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9 Vintage Camera Ads from 1966

June 27th, 2011 No comments



Here are some camera advertisements that I scanned from the 1966 Photography Annual, published by Popular Photography (click on the thumbnails to enlarge). It's interesting to see that most of the companies in the ads are still around, but a few have disappeared or been bought out. Konica and Minolta merged in 2003, and Sony bought their photography business 2006. Dacora stopped producing cameras around 1972.

It's also interesting to look at the features and marketing strategies of the different manufacturers - it's not that much different from today. Some are aimed at the professional and advanced amateur who want as much control and flexibility as possible, while others are aimed at the more casual user who wants to get great images without getting bogged down with too many accessories and features. Some of the ads were directed at the more technical-mided (Nikon especially), while others emphasized their reputation (Hassleblad, Rollei and Leica), quality and value (Konica and Minolta), and simplicity (Dacora and Konica). The only one that showed a photo taken by their camera was Asahi Pentax, which highlighted the creative possibilities of their camera.

In 1966, 35 mm SLR cameras were becoming very popular, and the introduction of built-in light meters (sometimes called electric eyes) was being heavily promoted in the ads.

  1. Asahi Pentax Spotmatic
    This is the only colour camera ad, although colour photography was becoming increasing popular in the 1960's. The photo in this ad was the grand prize winner of the Asahi Pentax International Photo Contest.  It's a pretty amazing shot using an 18mm fish-eye lens.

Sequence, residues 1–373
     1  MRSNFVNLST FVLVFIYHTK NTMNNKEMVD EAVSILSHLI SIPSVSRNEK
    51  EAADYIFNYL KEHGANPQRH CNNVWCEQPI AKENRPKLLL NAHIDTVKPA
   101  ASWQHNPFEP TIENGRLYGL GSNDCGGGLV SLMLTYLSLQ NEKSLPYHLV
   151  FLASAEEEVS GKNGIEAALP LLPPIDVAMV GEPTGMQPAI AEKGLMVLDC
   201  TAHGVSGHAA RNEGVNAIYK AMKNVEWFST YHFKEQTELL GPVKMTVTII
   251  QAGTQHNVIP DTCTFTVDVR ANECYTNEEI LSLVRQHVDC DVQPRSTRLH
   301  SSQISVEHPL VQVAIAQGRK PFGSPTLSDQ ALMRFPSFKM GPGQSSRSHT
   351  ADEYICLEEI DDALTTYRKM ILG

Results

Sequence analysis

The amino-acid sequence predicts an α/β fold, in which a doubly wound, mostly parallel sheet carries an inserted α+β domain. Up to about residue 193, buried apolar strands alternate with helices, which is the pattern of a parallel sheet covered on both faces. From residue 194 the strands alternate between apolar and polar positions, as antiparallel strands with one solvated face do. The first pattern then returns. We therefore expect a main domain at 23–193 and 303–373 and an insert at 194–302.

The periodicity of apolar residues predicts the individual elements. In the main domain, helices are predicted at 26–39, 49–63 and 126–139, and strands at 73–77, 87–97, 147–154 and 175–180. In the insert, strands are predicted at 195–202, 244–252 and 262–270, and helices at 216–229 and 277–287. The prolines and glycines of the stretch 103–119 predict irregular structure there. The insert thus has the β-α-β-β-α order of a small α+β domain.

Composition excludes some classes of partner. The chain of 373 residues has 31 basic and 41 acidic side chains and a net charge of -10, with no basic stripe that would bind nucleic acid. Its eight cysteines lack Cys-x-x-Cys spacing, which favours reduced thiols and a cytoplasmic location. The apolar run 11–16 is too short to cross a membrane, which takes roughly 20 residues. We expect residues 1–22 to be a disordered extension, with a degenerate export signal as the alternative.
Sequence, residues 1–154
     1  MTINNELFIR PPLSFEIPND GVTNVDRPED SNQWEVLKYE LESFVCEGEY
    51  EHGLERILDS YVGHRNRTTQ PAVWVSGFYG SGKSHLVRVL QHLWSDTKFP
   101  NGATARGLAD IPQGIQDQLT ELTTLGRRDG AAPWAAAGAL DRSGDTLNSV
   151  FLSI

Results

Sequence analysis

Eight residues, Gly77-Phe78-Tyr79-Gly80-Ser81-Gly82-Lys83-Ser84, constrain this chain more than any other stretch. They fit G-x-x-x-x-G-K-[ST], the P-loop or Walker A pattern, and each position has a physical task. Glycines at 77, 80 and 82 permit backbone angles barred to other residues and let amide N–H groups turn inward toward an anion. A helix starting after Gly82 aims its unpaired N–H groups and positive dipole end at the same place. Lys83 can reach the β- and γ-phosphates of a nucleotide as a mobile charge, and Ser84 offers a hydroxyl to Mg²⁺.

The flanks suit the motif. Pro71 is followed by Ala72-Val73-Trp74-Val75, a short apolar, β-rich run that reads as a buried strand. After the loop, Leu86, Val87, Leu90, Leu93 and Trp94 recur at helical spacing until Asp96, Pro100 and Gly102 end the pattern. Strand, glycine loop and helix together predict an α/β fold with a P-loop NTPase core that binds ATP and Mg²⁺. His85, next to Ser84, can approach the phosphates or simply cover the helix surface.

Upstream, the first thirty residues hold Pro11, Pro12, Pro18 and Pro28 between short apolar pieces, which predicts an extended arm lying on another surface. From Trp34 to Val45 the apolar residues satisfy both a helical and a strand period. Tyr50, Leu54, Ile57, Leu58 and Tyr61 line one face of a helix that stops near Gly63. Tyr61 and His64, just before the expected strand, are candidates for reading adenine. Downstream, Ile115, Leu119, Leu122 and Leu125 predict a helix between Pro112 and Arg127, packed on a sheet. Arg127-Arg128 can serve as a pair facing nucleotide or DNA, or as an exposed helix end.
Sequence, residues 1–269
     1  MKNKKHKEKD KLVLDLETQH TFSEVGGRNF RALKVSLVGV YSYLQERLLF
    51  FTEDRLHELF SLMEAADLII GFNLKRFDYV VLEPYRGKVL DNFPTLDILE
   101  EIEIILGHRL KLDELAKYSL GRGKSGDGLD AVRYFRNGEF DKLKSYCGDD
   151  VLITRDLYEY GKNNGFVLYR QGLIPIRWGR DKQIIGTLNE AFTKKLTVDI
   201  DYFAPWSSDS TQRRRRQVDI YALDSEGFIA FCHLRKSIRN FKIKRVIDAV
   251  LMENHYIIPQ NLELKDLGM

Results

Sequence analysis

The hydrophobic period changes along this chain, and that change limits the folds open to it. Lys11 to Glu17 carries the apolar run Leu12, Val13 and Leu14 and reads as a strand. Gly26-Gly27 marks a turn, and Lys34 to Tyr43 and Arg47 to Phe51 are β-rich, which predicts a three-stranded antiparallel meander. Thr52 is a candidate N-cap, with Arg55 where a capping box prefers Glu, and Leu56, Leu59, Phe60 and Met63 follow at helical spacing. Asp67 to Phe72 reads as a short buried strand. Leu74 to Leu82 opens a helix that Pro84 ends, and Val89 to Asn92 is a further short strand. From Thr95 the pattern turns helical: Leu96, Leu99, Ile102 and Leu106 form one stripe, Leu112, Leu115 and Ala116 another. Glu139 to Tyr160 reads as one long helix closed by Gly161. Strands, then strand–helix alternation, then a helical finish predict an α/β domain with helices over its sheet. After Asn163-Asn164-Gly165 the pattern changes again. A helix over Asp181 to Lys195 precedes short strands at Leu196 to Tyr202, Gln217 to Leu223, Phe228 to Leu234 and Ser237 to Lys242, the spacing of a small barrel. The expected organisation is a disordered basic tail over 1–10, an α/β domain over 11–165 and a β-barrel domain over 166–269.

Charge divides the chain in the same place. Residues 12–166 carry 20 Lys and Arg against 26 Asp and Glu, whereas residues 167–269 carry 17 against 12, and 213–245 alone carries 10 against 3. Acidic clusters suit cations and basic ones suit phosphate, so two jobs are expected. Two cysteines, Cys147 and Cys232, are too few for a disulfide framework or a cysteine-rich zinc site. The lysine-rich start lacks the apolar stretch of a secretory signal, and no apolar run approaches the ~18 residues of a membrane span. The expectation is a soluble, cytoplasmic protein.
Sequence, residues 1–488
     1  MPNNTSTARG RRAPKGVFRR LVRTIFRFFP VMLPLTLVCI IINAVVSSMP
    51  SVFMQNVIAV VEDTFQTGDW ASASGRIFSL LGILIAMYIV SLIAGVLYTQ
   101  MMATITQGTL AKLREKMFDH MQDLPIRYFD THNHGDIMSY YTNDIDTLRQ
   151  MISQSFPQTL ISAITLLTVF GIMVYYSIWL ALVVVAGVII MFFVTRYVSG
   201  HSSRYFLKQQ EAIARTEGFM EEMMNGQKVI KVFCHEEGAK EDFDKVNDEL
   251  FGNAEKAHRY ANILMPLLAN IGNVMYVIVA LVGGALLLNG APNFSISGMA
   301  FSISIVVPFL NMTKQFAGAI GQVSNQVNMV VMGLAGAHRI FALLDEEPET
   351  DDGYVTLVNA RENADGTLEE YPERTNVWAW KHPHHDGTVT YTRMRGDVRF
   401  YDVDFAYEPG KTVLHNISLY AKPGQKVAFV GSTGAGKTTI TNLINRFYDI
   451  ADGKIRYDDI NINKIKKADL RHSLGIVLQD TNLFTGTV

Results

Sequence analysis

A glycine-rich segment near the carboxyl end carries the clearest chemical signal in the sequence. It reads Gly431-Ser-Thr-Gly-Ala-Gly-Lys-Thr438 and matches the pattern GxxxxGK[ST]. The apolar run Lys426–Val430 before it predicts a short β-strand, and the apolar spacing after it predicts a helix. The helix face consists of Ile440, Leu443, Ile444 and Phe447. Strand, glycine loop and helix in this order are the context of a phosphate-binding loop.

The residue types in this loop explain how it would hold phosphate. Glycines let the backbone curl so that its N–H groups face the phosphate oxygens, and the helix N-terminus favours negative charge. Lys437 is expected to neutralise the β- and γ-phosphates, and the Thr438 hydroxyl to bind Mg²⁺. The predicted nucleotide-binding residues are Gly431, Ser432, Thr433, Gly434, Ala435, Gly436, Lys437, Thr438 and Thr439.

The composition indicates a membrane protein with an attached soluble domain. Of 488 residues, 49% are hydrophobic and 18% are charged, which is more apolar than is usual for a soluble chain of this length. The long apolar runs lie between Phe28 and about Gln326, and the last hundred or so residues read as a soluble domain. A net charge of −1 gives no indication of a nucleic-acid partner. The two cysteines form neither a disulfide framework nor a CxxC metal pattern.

2. Dacora D 202 Rapid
    I hadn't heard of Dacora until I saw this ad. It was a German camera company that  specialized in inexpensive but high quality cameras. This model used Agfa's Rapid 35 mm cartridges, making them easier to load and did not require rewinding after exposure.
  3. Hasselblad 500 C
    Hasselblad is positioning themselves as the "best camera in the world" in this ad. It's hard to argue against that - they are still highly regarded today! I'd love to own one.
  4. Konica Cameras
    Konica advertised 5 different cameras including a the Konica Auto-S2 rangefinder, the Konica FM professional 35 mm SLR and similar FP (without an electric eye), the simple to use Konica EEmatic Deluxe, and the Konica Eye - automatic and lightweight. They also emphasize quality at an economic price.
  5. Leicaflex
    Leica's ad is very simple and just states that this 35 mm SLR camera is a Leica. Leica was the top of the line 35 mm rangefinder camera, but SLRs had been recently introduced, and were becoming very popular with photographers. In response, Leica introduced their SLR, but it didn't do so well, mainly due to its high price and limited range of features and accessories compared to Konica, Minolta, Asahi Pentax, Canon and Nikon.
  6. Minolta SR-1 & SR-7 35 mm SLRs
    The Minolta advertisement emphasizes their technical leadership (the Minolta SR-7 was the first camera with a built-in light meter), high quality and dependability.
  7. Nikkormat FT SLR
    The Nikon Nikkormat FT was positioned as a high quality camera for the 35 mm enthusiast, at a price of  $331.50 ($2277 in 2011 dollars) for the camera and 50 mm f/1.4 lens. Nikon was the only company that published their prices.
  8. Nikon F 35 mm SLR